George loves Sundays because that’s the day he goes on an excursion with his grandfather. Today they go to the Museum of Wildlife but instead of stopping to look at the dinosaurs, whales and other wondrous creatures, Grandad takes him to Insect World. Immediately George is captivated and can think of nothing else on his way home. He even dreams about them! Next day, he arms himself with a host of bug collecting equipment and once he gets the knack of catching them, it’s not long before he has his own collection all lined up in jars in his treehouse. But Grandad is not as excited to see them as George anticipates. In fact, he is the opposite – and George learns the role that bugs play in keeping the environment healthy and flourishing. Clever Grandad also has a solution…
To many, bugs and minibeasts are things to be afraid of and are stomped on, sprayed or otherwise disposed of without thought to their purpose or place in nature’s hierarchy. Certainly, anything with eight legs or more can expect doom inside my house. But as George learns, they do have a vital role in the ecology and so this is an excellent book to introduce young readers to this and help them develop a healthy appreciation and respect for them from the get-go.
Based on his own childhood memories of his relationship with his grandfather and their time together in the garden, this is one that can have wide appeal because no matter what sort of garden we have access to, even if it’s just a hoop of grass on the playground, it is amazing the diversity of wildlife that exists there and the learning that can springboard from that. Perhaps the playground will be transformed in the same way George’s garden was. Then, if investigating minibeasts doesn’t appeal, there is always the relationship the child has with an older person, grandfather or other, and the memories they share and will share with their children.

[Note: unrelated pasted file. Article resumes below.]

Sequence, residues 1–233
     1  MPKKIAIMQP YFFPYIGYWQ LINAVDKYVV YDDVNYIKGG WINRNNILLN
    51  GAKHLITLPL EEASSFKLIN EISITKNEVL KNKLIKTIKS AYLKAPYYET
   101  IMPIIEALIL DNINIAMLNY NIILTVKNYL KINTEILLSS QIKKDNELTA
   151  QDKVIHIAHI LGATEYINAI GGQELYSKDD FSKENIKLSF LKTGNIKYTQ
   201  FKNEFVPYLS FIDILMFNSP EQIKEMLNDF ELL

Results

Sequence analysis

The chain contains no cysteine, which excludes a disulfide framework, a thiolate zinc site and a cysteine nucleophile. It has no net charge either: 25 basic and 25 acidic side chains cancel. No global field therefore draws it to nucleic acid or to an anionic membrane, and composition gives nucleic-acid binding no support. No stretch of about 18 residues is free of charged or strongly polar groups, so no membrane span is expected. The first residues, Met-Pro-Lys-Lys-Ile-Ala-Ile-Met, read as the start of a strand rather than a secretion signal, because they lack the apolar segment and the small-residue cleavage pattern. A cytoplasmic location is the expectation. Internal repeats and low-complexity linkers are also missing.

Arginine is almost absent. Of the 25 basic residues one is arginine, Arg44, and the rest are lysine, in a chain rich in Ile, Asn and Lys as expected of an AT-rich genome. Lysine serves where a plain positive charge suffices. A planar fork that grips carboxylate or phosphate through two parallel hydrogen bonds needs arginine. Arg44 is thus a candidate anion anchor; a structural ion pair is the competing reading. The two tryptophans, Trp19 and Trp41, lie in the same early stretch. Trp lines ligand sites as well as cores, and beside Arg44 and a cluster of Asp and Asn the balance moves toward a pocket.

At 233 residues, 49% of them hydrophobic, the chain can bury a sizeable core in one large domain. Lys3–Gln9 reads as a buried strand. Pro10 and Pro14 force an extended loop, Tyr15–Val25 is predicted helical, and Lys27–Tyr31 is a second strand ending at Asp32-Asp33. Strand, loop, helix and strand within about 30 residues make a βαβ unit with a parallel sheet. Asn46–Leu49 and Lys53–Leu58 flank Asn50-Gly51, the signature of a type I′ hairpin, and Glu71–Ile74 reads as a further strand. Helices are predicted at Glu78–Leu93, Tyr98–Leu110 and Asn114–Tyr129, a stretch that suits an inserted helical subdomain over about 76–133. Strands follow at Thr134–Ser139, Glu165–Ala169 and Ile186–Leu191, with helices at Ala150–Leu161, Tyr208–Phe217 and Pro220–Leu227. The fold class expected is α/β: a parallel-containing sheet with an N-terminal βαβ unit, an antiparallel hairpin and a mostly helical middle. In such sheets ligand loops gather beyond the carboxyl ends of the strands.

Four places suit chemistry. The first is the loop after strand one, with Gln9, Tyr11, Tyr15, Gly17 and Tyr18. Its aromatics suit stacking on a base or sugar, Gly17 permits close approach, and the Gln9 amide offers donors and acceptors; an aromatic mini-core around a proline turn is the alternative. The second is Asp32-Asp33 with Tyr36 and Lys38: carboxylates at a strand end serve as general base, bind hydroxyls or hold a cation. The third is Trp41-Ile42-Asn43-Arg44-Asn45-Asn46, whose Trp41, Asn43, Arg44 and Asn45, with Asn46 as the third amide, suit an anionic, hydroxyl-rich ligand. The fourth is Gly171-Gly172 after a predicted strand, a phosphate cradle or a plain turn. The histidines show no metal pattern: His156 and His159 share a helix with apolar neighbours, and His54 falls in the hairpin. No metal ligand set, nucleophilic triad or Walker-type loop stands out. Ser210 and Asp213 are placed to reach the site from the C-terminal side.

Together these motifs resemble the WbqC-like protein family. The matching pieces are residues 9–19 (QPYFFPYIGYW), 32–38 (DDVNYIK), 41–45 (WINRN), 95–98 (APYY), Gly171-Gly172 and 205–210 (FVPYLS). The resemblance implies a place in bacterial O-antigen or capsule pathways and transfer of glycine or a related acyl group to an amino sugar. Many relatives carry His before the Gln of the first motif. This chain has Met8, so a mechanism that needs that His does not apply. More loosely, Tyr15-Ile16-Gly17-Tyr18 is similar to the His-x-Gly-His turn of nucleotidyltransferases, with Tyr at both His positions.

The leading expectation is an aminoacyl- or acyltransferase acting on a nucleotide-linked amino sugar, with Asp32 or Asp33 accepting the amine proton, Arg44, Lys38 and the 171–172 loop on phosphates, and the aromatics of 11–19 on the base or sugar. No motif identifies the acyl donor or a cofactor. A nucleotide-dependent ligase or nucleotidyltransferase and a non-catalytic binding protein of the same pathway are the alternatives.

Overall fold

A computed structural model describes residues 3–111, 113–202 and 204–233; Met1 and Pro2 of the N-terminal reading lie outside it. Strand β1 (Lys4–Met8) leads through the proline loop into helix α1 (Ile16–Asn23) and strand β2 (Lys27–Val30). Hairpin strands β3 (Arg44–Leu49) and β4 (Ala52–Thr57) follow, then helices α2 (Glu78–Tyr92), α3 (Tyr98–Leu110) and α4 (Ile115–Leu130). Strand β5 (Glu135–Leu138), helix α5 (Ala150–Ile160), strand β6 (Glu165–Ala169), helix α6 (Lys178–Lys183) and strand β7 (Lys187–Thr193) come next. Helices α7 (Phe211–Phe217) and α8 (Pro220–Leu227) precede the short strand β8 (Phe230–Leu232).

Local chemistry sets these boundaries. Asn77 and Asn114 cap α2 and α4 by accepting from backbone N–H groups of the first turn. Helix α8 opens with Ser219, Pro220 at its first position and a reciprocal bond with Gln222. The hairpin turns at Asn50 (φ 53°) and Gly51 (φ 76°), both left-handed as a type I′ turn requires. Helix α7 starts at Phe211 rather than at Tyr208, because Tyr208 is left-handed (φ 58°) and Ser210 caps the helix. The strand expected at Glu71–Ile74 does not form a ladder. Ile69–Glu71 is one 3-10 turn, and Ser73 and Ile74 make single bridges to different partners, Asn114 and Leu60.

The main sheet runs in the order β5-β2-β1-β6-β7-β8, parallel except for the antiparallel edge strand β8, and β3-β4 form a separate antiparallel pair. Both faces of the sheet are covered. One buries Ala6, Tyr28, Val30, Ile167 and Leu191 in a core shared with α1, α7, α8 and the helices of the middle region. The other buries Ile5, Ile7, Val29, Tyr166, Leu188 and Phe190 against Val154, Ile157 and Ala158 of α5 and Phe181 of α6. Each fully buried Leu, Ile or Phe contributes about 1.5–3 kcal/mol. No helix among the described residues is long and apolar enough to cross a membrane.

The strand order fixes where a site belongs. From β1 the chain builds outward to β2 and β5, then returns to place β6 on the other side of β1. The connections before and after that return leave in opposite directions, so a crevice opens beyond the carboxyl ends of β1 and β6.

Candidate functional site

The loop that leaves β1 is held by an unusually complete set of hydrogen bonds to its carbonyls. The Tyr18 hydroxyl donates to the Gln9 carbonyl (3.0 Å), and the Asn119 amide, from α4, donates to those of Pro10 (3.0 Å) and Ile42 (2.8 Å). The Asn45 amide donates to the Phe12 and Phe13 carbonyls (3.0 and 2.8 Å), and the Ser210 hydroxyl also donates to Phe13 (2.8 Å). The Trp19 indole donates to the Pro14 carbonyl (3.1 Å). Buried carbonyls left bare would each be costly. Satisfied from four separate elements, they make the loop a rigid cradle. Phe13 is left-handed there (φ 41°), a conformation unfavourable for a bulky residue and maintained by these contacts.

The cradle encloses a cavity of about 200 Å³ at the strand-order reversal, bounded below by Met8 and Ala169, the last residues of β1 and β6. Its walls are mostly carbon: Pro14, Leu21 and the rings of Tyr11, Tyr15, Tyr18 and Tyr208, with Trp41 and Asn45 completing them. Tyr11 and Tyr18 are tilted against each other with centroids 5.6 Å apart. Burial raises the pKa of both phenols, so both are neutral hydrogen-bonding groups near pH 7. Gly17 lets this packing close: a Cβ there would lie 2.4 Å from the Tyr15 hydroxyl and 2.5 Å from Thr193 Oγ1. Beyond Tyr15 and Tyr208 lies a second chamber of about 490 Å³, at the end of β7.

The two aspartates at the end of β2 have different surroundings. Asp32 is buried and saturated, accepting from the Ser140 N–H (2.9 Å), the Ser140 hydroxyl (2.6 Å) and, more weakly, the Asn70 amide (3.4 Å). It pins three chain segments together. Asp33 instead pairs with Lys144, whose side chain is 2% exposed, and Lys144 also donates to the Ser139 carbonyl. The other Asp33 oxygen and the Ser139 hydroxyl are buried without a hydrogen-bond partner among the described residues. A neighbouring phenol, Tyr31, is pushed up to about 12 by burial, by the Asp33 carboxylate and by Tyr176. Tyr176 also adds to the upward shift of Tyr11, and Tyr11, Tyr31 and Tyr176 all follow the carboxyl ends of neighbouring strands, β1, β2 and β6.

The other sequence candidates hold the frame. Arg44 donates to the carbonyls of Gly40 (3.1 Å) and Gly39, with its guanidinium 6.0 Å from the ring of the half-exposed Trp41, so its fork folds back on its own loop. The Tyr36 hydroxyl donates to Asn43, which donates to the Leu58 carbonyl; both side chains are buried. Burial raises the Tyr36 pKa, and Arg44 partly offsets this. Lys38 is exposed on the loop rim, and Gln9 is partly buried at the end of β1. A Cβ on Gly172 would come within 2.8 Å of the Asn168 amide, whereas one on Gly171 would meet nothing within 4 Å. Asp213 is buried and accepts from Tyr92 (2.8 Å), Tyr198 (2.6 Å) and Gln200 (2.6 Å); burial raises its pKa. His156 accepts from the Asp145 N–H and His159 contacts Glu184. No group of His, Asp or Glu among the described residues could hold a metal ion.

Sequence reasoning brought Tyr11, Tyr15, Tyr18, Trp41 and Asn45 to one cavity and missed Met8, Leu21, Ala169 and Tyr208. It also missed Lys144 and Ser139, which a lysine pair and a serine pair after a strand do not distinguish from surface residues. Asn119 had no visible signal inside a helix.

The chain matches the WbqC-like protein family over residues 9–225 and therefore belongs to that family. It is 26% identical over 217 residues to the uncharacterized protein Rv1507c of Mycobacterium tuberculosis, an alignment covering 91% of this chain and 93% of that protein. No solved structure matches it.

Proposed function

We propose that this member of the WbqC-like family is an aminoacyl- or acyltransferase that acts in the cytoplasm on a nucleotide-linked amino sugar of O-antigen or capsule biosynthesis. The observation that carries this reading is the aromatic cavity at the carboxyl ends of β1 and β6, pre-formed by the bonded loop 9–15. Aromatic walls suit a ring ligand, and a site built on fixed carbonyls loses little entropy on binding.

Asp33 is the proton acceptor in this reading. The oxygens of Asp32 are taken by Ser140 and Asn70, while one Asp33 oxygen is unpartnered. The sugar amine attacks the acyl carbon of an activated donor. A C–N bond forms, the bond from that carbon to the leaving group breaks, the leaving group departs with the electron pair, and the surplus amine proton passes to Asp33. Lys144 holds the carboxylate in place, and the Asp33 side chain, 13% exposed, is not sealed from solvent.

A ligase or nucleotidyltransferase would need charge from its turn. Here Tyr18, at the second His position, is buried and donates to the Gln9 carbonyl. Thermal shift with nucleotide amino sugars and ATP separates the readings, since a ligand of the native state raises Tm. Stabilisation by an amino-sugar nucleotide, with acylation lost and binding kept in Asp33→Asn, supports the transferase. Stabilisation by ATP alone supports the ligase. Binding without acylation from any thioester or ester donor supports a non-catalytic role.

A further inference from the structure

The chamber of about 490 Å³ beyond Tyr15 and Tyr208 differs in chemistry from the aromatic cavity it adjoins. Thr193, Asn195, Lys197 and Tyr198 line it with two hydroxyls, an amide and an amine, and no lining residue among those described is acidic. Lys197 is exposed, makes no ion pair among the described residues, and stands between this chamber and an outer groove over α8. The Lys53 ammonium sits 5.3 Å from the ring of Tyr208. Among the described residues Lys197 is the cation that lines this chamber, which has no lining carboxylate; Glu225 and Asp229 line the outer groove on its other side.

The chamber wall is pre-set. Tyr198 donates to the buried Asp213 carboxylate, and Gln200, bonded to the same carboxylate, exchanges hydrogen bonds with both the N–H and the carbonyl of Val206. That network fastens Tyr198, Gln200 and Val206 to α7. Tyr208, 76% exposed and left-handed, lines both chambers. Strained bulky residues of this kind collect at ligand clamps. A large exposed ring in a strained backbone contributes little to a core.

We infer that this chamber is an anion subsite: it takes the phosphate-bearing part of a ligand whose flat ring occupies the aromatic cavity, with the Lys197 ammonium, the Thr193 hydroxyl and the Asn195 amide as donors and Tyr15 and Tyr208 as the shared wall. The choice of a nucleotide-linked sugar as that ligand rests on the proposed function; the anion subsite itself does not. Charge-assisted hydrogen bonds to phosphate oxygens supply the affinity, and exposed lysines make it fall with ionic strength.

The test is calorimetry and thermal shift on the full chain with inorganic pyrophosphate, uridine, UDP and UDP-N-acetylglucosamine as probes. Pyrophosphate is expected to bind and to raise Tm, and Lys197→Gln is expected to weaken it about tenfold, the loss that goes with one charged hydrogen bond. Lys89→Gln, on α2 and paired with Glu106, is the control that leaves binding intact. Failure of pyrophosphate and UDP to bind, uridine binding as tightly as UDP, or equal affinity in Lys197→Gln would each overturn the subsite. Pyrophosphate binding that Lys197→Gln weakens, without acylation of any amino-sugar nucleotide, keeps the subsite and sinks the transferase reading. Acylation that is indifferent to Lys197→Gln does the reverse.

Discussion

Griffiths says that this is his first foray into actually creating the story to go with his illustrations and that he found it quite difficult, but the end result is so rich and so relatable for every young reader that he should be ecstatic about the result. It’s certainly taken this grown-up to a happy, nostalgic place and hopefully I can provide my grandchildren with some memories too.
Holly the honeybee is the dancing star of her hive: she waggles, she wiggles, and she waggles again. But is there a secret message in Holly’s waggle dance? And could it help the bees survive through a long, hot summer?
The understanding of the importance of bees in our environment and their current plight, particularly during this drought, is becoming more and more widespread, and this is the most stunning book to help little children learn what about these creatures. While it focuses on Holly’s dance that leads the bees to the source of the nectar for their honey, it also offers an opportunity to talk about their critical role in the pollination of plants, without which we would have much less food to choose from.
Adding to the reality of the book are the remarkable illustrations from Stephen Pym and you can read how much work went into designing Holly so she was an accurate yet appealing interpretation here. The Australian bush is brought to life and readers may have fun identifying familiar species.
A peek inside…
To add to the authenticity, there is a page with more information about Holly so adults can easily answer the questions young readers will have.
A must-have addition to any collection that focuses on the environment and its sustainability.